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UN Assembly Panel Recommend A Global Minimum Tax.

The team also recommends that the Escrow accounts, managed by regional development banks, should be used to manage frozen or seized assets until they can be legally returned.

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By KURIAN MUSA

Kurian.musa@correspondent.africa

A global minimum tax is one of the main recommendations of the Report on Financial Integrity for Sustainable Development – presented last February by a United Nations high-level panel convened by the United Nations General Assembly.

The report of the High Level Panel on International Financial Accountability, Transparency and Integrity for Achieving the 2030 Agenda was Co-chaired by H.E. Ibrahim Assane Mayaki, former prime minister of Niger, and H.E. Dalia Grybauskaitė, former president of Lithuania has now been released. It has up to 14 strategic recommendations, to promote reform, redesign and revitalize the global financial system so that it conforms to four values – accountability, legitimacy, transparency, and fairness.

“As the pandemic continues, wreaking havoc on our health and economies, and exacerbating inequality, we see ever more clearly the need for greater public resources to invest in recovery. We also realise the urgent need to restore trust in national and international governance,” Ibrahim Assane Mayaki jointly stated.

In a way towards post-covid19 recovery, the panel stated that recommendations are not enough. There is a need of all people contributing through their actions with support of Political leadership, both at the national and international levels.

Ibrahim Assane Mayaki said: “Governments must come together to agree on new solutions for financial integrity. The private sector must meet higher standards. Civil society and the media have to help hold the powerful accountable.”

The Panel proposes a Global Pact for Financial Integrity for Sustainable Development based on countries’ priorities. It was observed that mobilisation of public resources, internationally and domestically, can be enhanced, through curbing illicit financial flows.

Beyond tracking Illicit Financial Flows (IFFs), stopping them, and returning assets, the Panel recommended to use them to finance the Sustainable Development Goals (SDGs).

Further suggestions to involve diverse stakeholders in policy making was made. To hold governments accountable to agreed standards; the media should be protected; and a push to include the civil society in policy-making.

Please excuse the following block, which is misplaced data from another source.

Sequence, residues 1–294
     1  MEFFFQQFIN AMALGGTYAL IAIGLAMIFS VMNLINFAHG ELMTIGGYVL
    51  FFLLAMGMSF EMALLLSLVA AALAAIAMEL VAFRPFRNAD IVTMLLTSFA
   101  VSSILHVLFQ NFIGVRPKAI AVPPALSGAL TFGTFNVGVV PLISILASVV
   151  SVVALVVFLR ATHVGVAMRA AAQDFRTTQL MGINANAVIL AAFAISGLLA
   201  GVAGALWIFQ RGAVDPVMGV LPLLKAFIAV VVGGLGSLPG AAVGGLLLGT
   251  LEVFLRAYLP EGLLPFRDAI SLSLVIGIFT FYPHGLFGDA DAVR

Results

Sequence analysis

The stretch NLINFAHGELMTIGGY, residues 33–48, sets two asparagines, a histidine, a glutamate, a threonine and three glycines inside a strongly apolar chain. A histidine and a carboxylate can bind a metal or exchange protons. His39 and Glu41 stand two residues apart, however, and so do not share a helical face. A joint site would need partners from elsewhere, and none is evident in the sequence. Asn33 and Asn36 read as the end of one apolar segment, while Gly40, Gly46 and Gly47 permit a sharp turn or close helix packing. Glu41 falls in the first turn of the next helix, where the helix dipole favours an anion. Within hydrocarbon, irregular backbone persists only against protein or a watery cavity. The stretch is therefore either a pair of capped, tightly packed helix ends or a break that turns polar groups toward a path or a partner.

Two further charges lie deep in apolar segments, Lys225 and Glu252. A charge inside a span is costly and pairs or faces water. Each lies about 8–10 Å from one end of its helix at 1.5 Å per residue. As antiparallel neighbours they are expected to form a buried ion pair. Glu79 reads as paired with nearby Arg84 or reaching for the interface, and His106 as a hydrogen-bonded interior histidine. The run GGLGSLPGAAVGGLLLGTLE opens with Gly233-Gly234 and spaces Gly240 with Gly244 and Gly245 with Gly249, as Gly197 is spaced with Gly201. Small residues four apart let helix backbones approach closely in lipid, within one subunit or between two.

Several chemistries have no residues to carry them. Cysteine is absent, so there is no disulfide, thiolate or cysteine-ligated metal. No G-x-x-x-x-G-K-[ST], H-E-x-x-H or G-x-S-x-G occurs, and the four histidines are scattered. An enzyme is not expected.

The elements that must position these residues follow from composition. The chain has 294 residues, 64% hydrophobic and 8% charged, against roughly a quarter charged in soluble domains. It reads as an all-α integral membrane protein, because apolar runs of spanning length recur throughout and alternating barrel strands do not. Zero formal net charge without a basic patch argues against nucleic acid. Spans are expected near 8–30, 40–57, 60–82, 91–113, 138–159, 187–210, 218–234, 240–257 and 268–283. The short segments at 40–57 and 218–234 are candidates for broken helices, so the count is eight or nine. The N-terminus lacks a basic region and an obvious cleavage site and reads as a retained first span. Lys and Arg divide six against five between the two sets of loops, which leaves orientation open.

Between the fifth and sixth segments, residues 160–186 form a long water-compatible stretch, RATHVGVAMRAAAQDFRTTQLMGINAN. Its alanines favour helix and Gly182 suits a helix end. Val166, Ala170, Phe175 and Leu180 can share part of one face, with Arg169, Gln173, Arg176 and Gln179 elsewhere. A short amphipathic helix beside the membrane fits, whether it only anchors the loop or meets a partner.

Recommendations

All countries should enact legislation providing for the widest possible range of legal tools to pursue cross-border financial crimes.

The International Community should develop and agree on common international standards for settlements in cross-border corruption cases. Businesses should hold accountable all executives, staff and board members who foster or tolerate illicit financial flows in the name of their businesses.

A UN Tax Convention should be held to initiate the process of establishing the International tax norms, particularly tax-transparency standards through an open and inclusive legal instrument with universal participation. The panel says the creation of an impartial and fair mechanism to resolve international tax disputes, under the UN Tax Convention would resolve the current impasses.

More stringent measures International anti-money-laundering standards were made, calling for all countries creating a centralised registry for holding beneficial ownership information on all legal vehicles. The standards should encourage countries to make the information public.

Under the Regulations, a beneficial owner is a natural person who directly or indirectly: holds at least ten percent (10%) of the issued shares of the company; exercises at least ten percent (10%) of the voting rights in the company; exercises significant influence or control over a company. It was agreed that designating an entity to collect and disseminate data on enforcement of money-laundering standards, including beneficial ownership information would be key milestone.

Another area, is to Improve tax transparency by having all private multinational entities publish accounting and financial information on a country-by-country basis.

There are gaps in the policy and laws towards emergency responses. the panel recommended that Building on existing voluntary efforts, all countries should strengthen public procurement and contracting transparency, including transparency of emergency measures taken to respond to COVID-19.